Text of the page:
The criticism isn't entirely without foundation, but it sure makes me cringe. The point that really gets under my skin is the discussion of how the service will be too expensive for the "Average Joe" to use. All I can say there is that if Texas were looking to toss money into the service (say, picking up half the tab) this probably would be something that could be worked around. They aren't. It isn't. There's no realistic proposal that deals with these concerns, so the best you can really hope for is some sort of deep discount advance ticket arrangement (which is something I can see happening, to be fair; the other thing I could see is some sort of Oui Go-type service being run as well (in so many words, think of a world where NJT is running commuter bullet trains and you're on the right track).
For what it is worth, if you in effect take 50% of the total frequent business traveler market (25k traveling 3x weekly; I assume that most of the remainder would be driving with perhaps 10% still flying...this isn't too far off the NYP-WAS situation) 50 weeks per year you'd be looking at 7.5m one-way trips. I'm sorry, that's either pulling a ton of cars off the road (20,500 one-way trips per day) or knocking out a huge number of flights (assuming 200 seats per flight between the two that's something like 100 flights per day). That's a lot of congestion you've just alleviated, either at the airport or on the highways (or on some mix of both). I think there's a clear public policy pro for this project even if your "man on the street" never takes the train.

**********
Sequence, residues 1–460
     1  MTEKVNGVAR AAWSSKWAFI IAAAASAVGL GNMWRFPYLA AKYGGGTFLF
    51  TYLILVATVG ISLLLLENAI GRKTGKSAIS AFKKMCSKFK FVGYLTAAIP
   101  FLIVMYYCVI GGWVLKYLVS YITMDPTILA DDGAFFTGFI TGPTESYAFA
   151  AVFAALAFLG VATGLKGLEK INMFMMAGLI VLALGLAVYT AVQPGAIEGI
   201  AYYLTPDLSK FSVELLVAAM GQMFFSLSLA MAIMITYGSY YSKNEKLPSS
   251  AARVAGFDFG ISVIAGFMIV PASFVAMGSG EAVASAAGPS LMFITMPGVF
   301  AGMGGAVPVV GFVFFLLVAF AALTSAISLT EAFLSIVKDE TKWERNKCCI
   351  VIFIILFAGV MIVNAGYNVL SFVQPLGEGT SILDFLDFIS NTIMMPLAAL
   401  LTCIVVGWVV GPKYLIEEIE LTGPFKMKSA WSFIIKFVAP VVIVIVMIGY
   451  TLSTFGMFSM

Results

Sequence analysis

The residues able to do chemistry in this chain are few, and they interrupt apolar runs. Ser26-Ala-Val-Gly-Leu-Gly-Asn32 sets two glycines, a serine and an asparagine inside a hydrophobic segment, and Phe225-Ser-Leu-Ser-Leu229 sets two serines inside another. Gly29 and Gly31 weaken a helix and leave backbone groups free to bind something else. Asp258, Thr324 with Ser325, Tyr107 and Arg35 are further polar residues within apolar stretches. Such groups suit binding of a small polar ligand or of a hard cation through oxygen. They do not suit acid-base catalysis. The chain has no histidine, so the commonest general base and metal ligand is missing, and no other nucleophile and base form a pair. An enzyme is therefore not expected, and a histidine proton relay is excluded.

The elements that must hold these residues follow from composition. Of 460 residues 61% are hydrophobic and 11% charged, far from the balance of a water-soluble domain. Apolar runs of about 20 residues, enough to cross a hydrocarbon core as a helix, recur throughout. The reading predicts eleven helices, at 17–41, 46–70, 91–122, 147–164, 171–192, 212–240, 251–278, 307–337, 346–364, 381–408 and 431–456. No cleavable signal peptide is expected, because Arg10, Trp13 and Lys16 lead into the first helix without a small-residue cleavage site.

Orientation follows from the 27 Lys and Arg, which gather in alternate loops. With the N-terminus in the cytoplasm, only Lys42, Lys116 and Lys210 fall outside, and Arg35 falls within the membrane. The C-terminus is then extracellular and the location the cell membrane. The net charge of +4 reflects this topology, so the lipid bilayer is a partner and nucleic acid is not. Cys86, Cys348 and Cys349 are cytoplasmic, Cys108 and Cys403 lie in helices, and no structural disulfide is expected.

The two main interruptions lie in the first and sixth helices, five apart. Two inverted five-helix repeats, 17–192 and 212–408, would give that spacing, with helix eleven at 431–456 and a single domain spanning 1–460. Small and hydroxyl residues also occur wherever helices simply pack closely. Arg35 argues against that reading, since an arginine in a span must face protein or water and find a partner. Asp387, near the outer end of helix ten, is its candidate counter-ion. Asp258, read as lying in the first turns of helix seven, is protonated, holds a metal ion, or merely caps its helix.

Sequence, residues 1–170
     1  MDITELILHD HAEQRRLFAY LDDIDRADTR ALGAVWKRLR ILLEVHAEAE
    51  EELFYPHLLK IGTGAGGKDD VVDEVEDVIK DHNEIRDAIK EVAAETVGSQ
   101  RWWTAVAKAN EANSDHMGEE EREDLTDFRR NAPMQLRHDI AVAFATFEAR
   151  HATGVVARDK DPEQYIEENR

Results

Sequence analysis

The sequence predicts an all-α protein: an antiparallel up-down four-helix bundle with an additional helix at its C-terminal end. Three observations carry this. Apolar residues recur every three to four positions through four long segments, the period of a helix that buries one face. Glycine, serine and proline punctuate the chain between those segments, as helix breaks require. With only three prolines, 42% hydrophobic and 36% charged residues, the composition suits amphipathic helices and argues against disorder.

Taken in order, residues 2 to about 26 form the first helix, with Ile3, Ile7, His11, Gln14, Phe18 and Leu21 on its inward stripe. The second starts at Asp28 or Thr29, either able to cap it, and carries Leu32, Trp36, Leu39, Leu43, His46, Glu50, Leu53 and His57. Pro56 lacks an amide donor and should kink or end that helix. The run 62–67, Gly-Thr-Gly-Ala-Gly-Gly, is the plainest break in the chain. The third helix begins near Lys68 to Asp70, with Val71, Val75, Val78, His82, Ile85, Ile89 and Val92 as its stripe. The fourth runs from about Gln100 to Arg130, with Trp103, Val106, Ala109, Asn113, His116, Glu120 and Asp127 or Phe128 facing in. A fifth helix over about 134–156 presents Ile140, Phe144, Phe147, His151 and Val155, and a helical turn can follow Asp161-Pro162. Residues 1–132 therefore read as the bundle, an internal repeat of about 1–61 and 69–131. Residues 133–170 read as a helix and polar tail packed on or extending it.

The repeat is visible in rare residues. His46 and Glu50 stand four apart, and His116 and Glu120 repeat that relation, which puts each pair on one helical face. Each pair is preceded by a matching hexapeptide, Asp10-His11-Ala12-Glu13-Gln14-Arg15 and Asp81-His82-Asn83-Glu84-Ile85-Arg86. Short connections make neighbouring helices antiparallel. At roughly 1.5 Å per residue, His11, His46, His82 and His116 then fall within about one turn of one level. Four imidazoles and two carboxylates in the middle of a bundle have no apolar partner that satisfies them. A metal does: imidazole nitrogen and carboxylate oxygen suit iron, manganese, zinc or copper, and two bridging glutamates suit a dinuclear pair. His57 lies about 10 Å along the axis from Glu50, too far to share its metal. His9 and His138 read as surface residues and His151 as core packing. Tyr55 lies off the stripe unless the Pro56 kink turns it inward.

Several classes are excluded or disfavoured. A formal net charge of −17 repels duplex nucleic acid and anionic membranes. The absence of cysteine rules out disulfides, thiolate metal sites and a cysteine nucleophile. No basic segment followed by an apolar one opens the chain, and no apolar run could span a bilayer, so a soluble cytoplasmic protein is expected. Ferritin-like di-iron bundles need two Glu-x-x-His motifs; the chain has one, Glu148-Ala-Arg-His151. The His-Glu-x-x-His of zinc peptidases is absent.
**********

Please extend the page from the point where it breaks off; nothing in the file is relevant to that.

Some of the point about possibly taking up a future Metro corridor in Houston does seem to hold some merit...but that bit seems like it would reasonably come down to proffers and development conditions. I'd need to look at the maps a lot more closely to see how much space is actually there (i.e. could you pack a four-track line in there? WMATA made it work on the ex-B&O: On one end of the red line, the inner tracks are WMATA and the outer tracks freight; on the other end, the two lines operate next to one another). All Houston would need to do is negotiate access rights for parallel tracks along the route as part of any zoning permissions (and I can't exactly see Texas Central fighting them tooth and nail on that...the two services cooperating would give Texas Central a feeder line and increase any TOD prospects they'd be shooting for).